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Willis "Gator" Jackson

Willis “Gator” Jackson originally established himself as a honking R&B tenor saxophonist before modifying his style and becoming a success in hard bop/soul-jazz. Jackson was born in Florida, where he played as a teen- ager with the celebrated trumpeter Fats Navarro and other future jazz stars. He turned down offers of employment from Lionel Hampton and Andy Kirk in order to complete a college education at Florida A&M. Jackson initially played locally until he got his big break and joined Cootie Williams in 1948. Jackson was showcased honking and screaming throughout the two-sided recording “Gator Tail” which earned him the nickname of “Gator” and led to him making his first records as a leader in 1950. Willis Jackson was a popular attraction in the R&B field throughout the first half of the 1950s before rock and roll took over. He was married to Ruth Brown and appeared on many of her recordings of the era. Besides backing Ruth on many of her hits, he became a regular Atlantic session musician and also recorded under his own name. But by 1959 he had wisely altered his approach, eliminating some of the more excessive shrieks but still playing in a highly expressive style that fit in well with organ combos and in soul-jazz settings. During 1959-1968, Jackson recorded constantly for Prestige, making a couple of dozen albums. Among the sets that are currently available are “Please Mr. Jackson,” “Legends of Acid Jazz,” “Keep on a Blowin,” “Gentle Gator,” “At Large,” “Gravy,” “Soul Night Live, With Pat Martino,” and “Nuther’n Like Thuther’n.” Several of these CDs feature guitarist Pat Martino when he was a talented teenager. In the late 70s he led a tenor-organ combo featuring Carl Wilson (organ), and Pat Martino (guitar). He enjoyed a long and fruitful association with the organist Jack McDuff. In his last years Jackson was heard frequently at various Harlem nightspots and at the West End Cafe near Columbia University, where he traded solos with George Kelly, an early friend from Miami, in a band called Two Tenor Boogie. Willis Jackson continued playing in prime form up to the time of his 1987 death. Willis Jackson left an imposing legacy of recordings covering all of his active period from 1950 up through the ‘80’s. Many are still available and are prime examples of high energy soul jazz played by one of its masters.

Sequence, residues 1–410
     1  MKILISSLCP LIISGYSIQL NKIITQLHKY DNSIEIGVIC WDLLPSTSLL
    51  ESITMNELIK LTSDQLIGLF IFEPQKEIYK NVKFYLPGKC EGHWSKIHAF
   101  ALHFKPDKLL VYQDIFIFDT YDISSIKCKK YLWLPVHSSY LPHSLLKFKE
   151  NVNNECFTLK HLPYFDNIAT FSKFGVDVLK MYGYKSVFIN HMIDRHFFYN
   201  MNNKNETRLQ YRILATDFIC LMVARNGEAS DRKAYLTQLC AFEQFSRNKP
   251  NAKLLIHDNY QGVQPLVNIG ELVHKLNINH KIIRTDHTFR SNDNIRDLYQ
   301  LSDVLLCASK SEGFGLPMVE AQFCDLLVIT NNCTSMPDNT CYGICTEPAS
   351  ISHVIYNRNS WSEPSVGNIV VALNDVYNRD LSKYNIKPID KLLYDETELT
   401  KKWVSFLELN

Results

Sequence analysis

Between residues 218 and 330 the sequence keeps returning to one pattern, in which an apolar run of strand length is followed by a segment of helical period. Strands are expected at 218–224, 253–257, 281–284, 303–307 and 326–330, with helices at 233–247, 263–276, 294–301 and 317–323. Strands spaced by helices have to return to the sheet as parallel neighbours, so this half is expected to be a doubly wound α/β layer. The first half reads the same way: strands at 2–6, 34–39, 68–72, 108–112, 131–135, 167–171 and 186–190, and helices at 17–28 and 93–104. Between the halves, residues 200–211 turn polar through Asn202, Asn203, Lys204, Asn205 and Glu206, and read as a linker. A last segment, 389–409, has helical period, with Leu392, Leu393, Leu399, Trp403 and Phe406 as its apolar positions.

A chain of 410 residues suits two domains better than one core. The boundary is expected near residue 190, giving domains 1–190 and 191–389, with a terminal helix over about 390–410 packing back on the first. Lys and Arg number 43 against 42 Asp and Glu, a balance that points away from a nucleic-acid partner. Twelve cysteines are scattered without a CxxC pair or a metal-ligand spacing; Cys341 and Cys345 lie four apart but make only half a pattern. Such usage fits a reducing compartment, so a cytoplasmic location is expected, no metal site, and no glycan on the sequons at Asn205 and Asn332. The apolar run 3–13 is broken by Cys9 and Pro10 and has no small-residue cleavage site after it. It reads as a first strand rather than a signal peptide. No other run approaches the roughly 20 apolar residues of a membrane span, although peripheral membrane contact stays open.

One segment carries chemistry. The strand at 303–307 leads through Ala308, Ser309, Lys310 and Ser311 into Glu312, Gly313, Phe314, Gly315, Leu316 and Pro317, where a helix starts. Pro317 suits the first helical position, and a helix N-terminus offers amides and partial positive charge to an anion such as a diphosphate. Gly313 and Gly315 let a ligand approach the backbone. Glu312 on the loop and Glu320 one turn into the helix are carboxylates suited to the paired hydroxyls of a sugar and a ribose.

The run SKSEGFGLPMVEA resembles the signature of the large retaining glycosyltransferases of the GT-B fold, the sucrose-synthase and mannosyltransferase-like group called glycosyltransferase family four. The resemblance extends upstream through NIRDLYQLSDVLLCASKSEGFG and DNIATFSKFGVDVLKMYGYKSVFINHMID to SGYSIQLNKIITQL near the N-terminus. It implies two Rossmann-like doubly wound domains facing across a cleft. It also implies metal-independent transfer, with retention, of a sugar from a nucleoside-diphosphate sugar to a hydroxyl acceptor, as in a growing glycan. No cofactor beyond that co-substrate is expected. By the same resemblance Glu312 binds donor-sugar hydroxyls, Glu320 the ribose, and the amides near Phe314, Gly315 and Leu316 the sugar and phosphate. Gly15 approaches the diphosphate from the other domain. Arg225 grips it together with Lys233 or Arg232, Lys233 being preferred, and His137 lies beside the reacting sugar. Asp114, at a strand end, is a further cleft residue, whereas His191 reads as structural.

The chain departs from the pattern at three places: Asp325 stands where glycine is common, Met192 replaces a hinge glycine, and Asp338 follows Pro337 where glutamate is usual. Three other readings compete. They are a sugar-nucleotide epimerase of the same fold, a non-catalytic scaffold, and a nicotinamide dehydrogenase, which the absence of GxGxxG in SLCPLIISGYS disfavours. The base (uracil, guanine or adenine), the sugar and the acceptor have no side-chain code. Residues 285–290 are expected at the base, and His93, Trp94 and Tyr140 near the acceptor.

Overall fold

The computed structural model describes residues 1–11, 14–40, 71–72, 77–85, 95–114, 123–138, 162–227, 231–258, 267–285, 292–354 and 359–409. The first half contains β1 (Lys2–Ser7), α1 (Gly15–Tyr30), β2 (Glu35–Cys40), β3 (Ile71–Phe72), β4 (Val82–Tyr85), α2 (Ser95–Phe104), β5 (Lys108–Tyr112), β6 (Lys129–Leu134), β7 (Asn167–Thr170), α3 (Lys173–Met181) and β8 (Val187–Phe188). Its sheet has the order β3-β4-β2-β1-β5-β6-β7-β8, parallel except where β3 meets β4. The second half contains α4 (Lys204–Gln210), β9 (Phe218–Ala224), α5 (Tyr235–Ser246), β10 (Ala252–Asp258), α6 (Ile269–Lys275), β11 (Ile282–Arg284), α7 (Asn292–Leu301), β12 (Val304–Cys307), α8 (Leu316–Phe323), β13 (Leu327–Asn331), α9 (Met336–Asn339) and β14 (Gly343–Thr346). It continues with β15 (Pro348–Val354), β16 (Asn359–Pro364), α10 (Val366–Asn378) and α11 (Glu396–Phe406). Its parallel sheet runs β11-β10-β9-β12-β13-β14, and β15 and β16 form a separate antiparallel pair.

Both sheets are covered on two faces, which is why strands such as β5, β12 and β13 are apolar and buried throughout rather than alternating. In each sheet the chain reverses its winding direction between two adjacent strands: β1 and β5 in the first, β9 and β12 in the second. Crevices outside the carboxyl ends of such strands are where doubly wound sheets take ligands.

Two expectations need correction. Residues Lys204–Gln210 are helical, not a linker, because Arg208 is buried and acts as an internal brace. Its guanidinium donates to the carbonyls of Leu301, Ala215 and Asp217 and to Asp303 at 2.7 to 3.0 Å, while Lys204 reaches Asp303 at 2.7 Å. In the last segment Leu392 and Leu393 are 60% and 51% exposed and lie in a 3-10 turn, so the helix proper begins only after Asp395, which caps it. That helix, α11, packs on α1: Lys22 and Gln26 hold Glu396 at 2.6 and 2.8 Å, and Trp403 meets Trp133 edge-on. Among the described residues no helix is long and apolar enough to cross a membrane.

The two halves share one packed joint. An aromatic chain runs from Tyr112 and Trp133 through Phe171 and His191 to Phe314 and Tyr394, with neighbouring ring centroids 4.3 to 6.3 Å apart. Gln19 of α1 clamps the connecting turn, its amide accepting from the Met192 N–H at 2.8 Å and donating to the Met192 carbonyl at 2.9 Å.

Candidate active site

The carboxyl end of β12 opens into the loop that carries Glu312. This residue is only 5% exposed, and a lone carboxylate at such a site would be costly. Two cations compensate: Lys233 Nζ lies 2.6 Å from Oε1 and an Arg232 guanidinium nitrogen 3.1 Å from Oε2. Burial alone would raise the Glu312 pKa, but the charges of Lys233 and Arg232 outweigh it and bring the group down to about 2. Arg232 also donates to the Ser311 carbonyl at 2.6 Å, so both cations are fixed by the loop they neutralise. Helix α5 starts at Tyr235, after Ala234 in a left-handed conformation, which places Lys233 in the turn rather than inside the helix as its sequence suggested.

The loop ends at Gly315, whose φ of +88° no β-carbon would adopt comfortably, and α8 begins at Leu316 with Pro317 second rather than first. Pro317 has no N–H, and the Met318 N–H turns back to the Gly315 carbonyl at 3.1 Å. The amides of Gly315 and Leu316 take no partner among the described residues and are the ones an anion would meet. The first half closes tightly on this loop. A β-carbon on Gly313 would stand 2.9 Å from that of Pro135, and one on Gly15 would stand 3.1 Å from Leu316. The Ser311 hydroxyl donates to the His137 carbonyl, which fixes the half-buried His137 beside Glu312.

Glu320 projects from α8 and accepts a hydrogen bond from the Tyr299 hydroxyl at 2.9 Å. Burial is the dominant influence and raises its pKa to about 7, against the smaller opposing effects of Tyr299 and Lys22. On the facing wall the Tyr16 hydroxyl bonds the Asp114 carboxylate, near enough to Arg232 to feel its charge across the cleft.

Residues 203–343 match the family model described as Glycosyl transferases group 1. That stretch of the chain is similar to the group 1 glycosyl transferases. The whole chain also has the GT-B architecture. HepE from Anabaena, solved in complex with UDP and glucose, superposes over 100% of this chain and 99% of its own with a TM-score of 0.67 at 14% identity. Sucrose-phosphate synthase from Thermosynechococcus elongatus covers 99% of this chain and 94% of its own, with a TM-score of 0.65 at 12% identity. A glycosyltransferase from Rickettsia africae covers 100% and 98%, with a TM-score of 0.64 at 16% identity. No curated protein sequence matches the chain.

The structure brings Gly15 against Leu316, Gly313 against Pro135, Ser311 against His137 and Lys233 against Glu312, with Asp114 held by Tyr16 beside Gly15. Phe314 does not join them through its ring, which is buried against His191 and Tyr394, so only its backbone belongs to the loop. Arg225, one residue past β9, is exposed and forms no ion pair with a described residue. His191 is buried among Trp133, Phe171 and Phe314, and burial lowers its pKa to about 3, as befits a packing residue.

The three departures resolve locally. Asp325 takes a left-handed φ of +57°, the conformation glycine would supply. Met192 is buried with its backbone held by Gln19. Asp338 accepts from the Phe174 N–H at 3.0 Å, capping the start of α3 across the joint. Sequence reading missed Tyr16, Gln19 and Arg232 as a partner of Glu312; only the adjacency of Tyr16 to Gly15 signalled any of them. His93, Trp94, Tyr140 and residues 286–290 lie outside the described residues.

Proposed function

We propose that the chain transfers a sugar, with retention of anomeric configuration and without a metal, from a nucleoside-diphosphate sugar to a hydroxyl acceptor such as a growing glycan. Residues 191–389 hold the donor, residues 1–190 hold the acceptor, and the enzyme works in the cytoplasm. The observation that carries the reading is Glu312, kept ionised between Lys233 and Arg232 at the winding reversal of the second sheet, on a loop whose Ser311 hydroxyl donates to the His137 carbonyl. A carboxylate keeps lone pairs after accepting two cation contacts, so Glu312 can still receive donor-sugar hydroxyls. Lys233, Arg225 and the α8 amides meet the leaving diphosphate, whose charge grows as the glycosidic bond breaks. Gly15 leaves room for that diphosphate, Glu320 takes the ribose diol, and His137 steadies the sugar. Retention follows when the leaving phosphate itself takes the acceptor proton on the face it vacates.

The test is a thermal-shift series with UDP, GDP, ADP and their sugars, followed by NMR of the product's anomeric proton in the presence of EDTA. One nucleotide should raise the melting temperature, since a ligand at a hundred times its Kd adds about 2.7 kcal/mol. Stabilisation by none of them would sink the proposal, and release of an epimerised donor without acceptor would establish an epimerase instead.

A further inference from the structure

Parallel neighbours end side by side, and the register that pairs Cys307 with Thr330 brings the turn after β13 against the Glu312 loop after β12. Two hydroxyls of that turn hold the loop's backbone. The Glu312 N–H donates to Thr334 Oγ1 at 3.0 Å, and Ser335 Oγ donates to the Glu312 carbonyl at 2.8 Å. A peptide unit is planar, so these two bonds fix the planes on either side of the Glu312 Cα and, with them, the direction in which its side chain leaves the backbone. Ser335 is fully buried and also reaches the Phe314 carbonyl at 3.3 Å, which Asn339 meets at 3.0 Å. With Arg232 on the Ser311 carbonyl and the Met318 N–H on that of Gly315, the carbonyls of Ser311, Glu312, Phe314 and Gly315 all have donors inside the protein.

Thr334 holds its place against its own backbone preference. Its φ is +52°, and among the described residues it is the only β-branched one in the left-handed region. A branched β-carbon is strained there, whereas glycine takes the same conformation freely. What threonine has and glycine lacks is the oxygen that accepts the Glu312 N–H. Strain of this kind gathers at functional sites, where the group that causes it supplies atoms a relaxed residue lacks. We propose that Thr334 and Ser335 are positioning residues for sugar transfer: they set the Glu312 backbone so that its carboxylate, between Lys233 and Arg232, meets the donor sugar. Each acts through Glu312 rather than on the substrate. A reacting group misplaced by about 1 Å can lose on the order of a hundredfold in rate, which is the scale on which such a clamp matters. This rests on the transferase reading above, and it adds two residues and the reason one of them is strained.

Source: James Nadal


Album Review

Willis Jackson w/ Pat Martino: Gravy

Read "Gravy" reviewed by Derek Taylor

A celebrity in Rhythm & Blues circles since his late teens Willis Jackson fought an uphill battle trying to earn acceptance among the jazz intelligentsia. He and many of his peers including King Curtis and Fred Jackson were saddled with the barwalker stigma from the moment they tried to establish themselves as serious improvisers. Dates like the two collected on this Prestige two-fer were often a double-edged prospect for while they afforded Jackson the chance to prove his chops they ...

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